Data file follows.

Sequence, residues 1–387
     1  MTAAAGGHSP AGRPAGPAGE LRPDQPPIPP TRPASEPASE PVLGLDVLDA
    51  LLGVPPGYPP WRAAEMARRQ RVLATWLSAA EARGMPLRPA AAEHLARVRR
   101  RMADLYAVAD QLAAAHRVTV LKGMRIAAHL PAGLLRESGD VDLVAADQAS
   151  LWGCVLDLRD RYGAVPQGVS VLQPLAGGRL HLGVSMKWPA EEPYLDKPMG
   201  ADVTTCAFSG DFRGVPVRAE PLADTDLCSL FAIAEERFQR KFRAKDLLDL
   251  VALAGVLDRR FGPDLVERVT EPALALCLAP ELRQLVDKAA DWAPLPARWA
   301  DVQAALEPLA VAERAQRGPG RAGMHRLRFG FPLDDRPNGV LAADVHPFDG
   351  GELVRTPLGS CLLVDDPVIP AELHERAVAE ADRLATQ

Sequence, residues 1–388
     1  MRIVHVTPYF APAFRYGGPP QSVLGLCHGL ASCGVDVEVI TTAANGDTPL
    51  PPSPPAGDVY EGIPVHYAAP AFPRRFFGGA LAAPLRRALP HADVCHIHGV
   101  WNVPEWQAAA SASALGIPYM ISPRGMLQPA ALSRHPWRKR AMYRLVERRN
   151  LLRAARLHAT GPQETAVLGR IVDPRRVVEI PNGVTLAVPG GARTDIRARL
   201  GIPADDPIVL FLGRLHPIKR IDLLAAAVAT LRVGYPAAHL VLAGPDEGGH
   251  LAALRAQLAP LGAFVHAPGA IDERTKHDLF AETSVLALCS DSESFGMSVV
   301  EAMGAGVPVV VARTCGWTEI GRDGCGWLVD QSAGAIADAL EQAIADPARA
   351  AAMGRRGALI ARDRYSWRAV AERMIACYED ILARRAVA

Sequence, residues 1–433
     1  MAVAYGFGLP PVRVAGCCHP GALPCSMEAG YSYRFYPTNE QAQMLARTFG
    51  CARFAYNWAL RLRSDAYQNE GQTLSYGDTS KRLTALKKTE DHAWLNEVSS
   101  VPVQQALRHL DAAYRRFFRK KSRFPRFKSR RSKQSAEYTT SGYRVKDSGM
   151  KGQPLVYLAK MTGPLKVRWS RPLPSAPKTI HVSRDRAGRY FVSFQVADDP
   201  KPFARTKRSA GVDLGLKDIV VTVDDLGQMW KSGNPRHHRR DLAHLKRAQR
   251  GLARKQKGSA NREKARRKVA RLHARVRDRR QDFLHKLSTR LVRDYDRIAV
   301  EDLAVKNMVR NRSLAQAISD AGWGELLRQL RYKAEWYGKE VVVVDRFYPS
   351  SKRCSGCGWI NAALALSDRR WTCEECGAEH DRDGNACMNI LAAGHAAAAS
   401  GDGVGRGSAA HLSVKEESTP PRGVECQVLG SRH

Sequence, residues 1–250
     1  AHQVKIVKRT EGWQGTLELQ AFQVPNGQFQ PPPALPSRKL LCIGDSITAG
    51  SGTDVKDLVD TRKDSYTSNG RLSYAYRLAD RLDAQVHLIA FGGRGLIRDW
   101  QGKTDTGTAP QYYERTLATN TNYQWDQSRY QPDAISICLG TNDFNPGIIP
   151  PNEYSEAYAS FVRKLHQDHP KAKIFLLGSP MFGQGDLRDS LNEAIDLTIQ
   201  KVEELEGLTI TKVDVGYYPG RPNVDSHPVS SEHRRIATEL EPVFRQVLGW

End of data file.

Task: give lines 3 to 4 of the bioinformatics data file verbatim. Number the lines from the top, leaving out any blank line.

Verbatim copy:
    51  LLGVPPGYPP WRAAEMARRQ RVLATWLSAA EARGMPLRPA AAEHLARVRR
   101  RMADLYAVAD QLAAAHRVTV LKGMRIAAHL PAGLLRESGD VDLVAADQAS